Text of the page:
Searching over 5,500,000 cases.


searching
Buy This Entire Record For $7.95

Download the entire decision to receive the complete text, official citation,
docket number, dissents and concurrences, and footnotes for this case.

Learn more about what you receive with purchase of this case.

Crooker v. Wachovia Bank

March 25, 2010

MICHAEL ALAN CROOKER, PLAINTIFF,
v.
WACHOVIA BANK, AND LUSTIG, GLASER & WILSON, P.C., DEFENDANTS.



The opinion of the court was delivered by: Pollak, J.

OPINION

I. Background

On April 30, 2009, plaintiff Michael Alan Crooker filed a pro se complaint in the Pennsylvania Court of Common Pleas alleging violations of the Fair Debt Collection Practices Act ("FDCPA"), 15 U.S.C. §§ 1692c(b), 1692c(a)(1), 1692d(5), 1692d(6) and 1692e(4). He named Wachovia Bank ("Wachovia") and Lustig, Glaser & Wilson, P.C. ("Lustig"), as defendants. Lustig removed the case to federal court on May 13, 2009. Wachovia was added as a party defendant to the federal case on May 18, 2009. On May 27, 2009, Wachovia filed a motion to dismiss pursuant to Federal Rules of Civil Procedure 12(b)(6) and 12(e). On June 5, 2009, Lustig filed its answer, affirmative defenses, and counterclaim, which contained a request for sanctions. On August 13, 2009, Lustig filed a motion for judgment on the pleadings. On August 19, 2009 Crooker filed a "Notice of Dismissal" under Federal Rule of Civil Procedure 41(a)(1)(i)). On August 27, Crooker responded to Lustig's motion for judgment on the pleadings. On October 5, Crooker filed a response in opposition to Lustig's motion for sanctions.

II. Analysis

Plaintiff's August 19, 2009 Notice of Dismissal sought dismissal under Federal Rule 41(a)(1). Voluntary dismissal by the plaintiff is available under F. R. Civ. P. 41(a)(1)(A)(i) if it is filed before "the opposing party serves either an answer or a motion for summary judgment." F. R. Civ. P. 41(a)(1)(A)(i). In this case, plaintiff filed his notice to dismiss after Wachovia filed a motion to dismiss and Lustig filed a motion for judgment on the pleadings. Accordingly, plaintiff's voluntary dismissal under F. R. Civ. P. 41(a)(1)(A)(i) is not effective.

However, plaintiff plainly seeks to voluntarily dismiss this action. Plaintiff's notice of dismissal states, in relevant part, that:

Plaintiff hereby dismisses this action. The defendant debt-collectors brought this case here, not Crooker. Crooker wants nothing to do with the federal courts and deliberately brings his cases to state court whenever concurrent jurisdiction statutes allow . . . . State courts do not have onerous 'PLRA' laws that discriminate against pro se prisoner-litigants nor are they as big-business friendly as the federal courts are.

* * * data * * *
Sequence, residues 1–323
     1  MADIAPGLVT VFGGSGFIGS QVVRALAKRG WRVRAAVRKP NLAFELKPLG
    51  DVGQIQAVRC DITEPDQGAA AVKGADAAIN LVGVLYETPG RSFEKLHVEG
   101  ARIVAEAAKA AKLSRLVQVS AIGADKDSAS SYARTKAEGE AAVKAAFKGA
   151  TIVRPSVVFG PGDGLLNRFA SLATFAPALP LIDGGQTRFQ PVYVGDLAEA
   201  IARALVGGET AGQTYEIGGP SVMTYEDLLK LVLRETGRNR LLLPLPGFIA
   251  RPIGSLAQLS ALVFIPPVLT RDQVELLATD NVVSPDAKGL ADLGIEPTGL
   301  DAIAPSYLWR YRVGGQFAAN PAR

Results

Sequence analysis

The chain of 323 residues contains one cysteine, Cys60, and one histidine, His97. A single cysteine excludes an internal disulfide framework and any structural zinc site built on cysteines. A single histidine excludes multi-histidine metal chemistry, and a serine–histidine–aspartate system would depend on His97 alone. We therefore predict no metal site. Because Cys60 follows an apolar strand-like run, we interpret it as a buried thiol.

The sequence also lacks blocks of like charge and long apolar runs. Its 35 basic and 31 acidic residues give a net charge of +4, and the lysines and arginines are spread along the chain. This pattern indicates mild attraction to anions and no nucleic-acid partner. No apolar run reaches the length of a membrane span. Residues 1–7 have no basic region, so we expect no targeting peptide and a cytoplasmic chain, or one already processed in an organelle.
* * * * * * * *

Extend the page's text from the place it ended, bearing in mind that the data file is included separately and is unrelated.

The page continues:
In his two subsequent submissions to this court, memoranda of law opposing Lustig's motion for sanctions and judgment on the pleadings, plaintiff again stated that he did not want to proceed with the cause of action.

While Crooker's voluntary dismissal is untimely under F. R. Civ. P. 41(a)(1), this court will consider dismissing the action under F. R. Civ. P. 41(a)(2), which permits dismissal "at the plaintiff's request only by court order, on terms that the court considers proper." F. R. Civ. P. 41(a)(2). Voluntary dismissal upon motion of plaintiff after defendant has filed its answer falls within the discretion of the district court. Ferguson v. Eakle, 492 F.2d 26, 28 (3d Cir.1974)). Typically, such dismissal is granted without prejudice, but "[i]t is within the court's discretion . . . to grant the dismissal with prejudice where it would be inequitable or prejudicial to defendant to allow plaintiff to refile the action." Chodorow v. Roswick, 160 F.R.D. 522, 523 (E.D.Pa.1995).

I must consider several factors in deciding whether to grant the dismissal with prejudice. These factors include:

(1) the excessive and duplicative expense of a second litigation; (2) the effort and expense incurred by the defendant in preparing for trial; (3) the extent to which the current suit has progressed; (4) the plaintiff's diligence in bringing the motion to dismiss and explanation therefore; and (5) the pendency of a dispositive motion by the non-moving party.

Dodge-Regupol, Inc. v. RB Rubber Products, Inc., 585 F.Supp.2d 645, 652 (M.D.Pa. 2008); see also Schandelmeier v. Otis Div. of Baker-Material Handling Corp., 143 F.R.D. 102, 102 (W.D.Pa. 1992) (identifying three factors the court must consider in ruling on a motion to dismiss without prejudice: prejudice to the defendant, both in terms of legal prejudice and litigation expense; plaintiff's diligence in bringing the motion; pendency of a dispositive motion by the non-moving party). However, "[t]he prejudice to defendant must be something other than the mere prospect of a second lawsuit." Chodorow, 160 F.R.D. at 523.

A. Plaintiff's Claims Against Wachovia

In this case, these factors weigh heavily in favor of dismissing Crooker's claims against Wachovia with prejudice. Crooker has made it clear that he refuses to participate in this suit because it has been removed to federal court. He plainly believes that the pleading rules in state court are more favorable to pro se defendants. Apparently, Crooker has moved for voluntary dismissal only so that he can avoid federal jurisdiction. Thus, were this court to grant Crooker's motion to dismiss without prejudice, Crooker would have leave to re-file his cause of action in state court, and Wachovia would again be able to remove to federal court. No progress would have been made in the case, ...


Buy This Entire Record For $7.95

Download the entire decision to receive the complete text, official citation,
docket number, dissents and concurrences, and footnotes for this case.

Learn more about what you receive with purchase of this case.